Connectivity is also dependent upon the speed by which data is transmitted either through telephone lines or through the air. Presently in India most of our connections are either 3G (generation) or 4G cellular network technology. In comparison, our northern technologically superior neighbor China has already rolled out 5G (fifth generation) network technology. 5G networks that transmit 10 gigabits per second is 100 times faster than 4G networks and would enhance our connectivity. Unfortunately, India is still in the exploratory stage of 5G and it would take several years before it is put into use.
On a positive note, telephone and especially mobile telephony has spread throughout the country. With relatively low competitive rates for services and an expansion of our networks, mobile telephony is available in most parts of the country. This has helped in improved communication, linking our vast hinterland with our urban centers. In this respect we are on par with several developed countries.
WITH demonetization and the governmental push to spread the culture of banking in the country, 88% of the rural households have opened bank accounts. Many of the uneducated and rural population opened bank accounts because of the promise of getting a few lakh into their bank accounts courtesy the prime minister of this country. But how many of these accounts are actually used is anyone’s guess, for all we know most may be dead accounts to be abused.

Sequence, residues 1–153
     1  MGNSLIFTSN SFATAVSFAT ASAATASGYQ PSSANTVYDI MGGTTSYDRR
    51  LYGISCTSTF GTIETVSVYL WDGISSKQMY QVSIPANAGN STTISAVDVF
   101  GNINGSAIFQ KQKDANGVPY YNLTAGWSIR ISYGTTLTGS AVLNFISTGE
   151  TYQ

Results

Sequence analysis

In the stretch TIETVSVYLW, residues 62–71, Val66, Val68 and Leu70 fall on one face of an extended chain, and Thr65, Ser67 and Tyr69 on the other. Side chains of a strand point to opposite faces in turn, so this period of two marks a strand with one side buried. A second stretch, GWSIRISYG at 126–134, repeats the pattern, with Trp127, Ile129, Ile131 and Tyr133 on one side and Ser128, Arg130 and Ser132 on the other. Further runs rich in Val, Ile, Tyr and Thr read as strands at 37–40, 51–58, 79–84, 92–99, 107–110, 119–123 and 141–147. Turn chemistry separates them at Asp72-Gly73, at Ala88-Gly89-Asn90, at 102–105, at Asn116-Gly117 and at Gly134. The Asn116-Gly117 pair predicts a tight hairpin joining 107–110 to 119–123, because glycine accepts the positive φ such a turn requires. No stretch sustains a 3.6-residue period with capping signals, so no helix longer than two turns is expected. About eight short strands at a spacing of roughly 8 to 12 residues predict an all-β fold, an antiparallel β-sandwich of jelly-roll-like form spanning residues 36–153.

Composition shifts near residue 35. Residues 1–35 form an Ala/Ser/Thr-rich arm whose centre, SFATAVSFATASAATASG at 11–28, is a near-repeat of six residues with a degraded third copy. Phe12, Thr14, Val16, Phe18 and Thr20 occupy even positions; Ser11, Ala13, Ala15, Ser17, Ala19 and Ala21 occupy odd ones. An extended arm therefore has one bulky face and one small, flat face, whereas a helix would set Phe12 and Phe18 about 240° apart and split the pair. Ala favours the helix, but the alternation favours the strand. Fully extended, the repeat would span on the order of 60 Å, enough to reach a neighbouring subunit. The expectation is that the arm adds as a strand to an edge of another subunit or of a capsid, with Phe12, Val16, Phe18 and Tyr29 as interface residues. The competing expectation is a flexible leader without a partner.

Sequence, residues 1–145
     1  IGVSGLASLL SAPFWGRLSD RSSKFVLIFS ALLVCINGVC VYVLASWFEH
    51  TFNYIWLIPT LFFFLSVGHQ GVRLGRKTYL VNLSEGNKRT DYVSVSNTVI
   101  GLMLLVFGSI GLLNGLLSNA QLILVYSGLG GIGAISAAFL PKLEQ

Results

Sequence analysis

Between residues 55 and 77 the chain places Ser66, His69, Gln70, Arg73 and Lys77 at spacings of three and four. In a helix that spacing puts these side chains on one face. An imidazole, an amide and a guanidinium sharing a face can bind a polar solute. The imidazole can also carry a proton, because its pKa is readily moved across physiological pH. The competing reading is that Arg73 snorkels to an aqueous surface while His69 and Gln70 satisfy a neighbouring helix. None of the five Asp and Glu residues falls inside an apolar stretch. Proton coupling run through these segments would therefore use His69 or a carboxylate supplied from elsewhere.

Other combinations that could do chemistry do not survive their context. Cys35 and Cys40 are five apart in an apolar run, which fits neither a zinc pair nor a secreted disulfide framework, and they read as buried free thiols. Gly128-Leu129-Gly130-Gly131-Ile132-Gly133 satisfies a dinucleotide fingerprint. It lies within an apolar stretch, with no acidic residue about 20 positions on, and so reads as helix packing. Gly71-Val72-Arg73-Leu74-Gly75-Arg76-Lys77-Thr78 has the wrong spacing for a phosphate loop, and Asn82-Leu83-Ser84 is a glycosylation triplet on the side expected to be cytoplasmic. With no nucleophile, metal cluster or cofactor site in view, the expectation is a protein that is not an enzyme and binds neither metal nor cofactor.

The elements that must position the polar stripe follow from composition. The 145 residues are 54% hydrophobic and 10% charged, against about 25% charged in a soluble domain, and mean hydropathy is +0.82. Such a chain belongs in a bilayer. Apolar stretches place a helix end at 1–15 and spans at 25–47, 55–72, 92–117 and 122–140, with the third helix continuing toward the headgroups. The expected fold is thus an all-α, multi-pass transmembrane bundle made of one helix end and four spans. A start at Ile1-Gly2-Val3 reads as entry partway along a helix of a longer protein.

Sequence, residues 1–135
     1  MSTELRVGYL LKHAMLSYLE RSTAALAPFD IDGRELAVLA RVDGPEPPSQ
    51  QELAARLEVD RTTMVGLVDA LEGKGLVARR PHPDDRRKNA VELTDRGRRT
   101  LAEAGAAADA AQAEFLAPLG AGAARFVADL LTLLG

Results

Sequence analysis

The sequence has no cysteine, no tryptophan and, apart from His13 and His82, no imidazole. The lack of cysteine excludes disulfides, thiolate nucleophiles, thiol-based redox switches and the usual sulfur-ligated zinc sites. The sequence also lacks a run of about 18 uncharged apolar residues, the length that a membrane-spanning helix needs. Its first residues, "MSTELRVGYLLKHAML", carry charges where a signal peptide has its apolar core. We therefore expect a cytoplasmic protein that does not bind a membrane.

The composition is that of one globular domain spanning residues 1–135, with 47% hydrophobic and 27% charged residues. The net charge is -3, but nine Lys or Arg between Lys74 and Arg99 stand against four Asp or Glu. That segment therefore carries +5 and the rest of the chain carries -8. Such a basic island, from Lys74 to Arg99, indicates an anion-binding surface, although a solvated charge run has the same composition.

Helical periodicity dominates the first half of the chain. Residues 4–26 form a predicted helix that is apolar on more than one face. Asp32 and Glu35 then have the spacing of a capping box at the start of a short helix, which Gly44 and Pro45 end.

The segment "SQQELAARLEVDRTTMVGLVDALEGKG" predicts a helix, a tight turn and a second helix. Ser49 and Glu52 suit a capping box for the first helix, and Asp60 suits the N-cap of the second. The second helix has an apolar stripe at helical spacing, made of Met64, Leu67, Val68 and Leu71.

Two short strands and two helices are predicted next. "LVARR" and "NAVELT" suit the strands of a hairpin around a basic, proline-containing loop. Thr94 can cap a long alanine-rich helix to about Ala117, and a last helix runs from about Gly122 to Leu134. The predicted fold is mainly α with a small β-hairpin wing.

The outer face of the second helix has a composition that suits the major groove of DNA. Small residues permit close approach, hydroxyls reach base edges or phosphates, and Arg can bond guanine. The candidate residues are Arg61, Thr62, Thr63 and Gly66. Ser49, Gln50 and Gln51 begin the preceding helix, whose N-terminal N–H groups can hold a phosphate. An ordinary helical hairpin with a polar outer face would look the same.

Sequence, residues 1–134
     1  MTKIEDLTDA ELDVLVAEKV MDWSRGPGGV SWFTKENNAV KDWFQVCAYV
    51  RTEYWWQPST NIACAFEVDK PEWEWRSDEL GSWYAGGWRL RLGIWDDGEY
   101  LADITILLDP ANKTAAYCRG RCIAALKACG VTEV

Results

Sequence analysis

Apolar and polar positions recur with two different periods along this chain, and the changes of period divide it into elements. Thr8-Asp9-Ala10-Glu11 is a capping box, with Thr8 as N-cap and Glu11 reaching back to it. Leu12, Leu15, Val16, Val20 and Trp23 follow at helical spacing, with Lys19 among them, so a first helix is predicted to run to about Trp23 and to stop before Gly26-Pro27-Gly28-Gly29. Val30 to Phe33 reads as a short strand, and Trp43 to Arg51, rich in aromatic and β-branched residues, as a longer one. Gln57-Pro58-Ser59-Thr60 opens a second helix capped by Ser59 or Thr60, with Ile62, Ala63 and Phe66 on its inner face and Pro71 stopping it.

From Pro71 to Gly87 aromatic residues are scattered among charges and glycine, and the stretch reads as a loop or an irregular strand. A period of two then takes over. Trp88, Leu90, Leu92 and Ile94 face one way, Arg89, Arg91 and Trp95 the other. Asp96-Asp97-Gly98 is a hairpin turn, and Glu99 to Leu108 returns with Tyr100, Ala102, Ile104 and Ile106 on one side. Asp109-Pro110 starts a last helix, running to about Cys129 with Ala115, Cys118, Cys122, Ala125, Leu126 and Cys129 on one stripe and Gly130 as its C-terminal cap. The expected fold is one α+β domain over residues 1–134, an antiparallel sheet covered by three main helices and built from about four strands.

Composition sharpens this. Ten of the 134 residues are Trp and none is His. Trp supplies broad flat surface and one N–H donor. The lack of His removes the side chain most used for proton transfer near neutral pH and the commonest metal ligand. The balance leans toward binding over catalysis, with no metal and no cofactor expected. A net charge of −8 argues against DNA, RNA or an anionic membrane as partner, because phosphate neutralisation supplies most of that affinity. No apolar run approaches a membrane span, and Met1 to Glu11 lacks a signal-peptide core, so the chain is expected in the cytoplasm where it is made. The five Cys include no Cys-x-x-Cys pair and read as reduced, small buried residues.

In order to reduce footfall into the premises of our banks, most of them have provided Internet access as also Automatic Teller Machines (ATM’s) to both disperse and collect cash, as also give you information about your bank balance. However, these ATMs rely on connectivity as also logistics for provision of sufficient cash. Many of our ATM’s are either nonfunctional, due to poor connectivity, and most of the time run out of cash. Have you ever faced the situation where you go from one ATM to another, since most of them do not have cash to dispense? If this is the situation in our urban centers, imagine the situation in our rural areas.
CRYPTO CURRENCY, NEW MONEY!
SEVERAL developed countries, even China, have moved into a digital currency system – known as crypto currency. Crypto currency does not have a physical form and is transacted in terms of digital algorithms. This is the currency of the future and many countries have already started using this mode of transaction and payment. However, India is yet to officially sanction this system. Many Indian business men and traders have already started using this medium. Many of them also report crypto currency in their books of accounts. When the world is moving toward this digital currency, India would lose out by being slow to adapt to this new technology!
The present pandemic has made the country realize the need for investment in infrastructure. Unless we build our networks, adopt new technologies and improve our connectivity, we would continue to remain on a lower level of development as compared not only to our neighbors but also the world at large.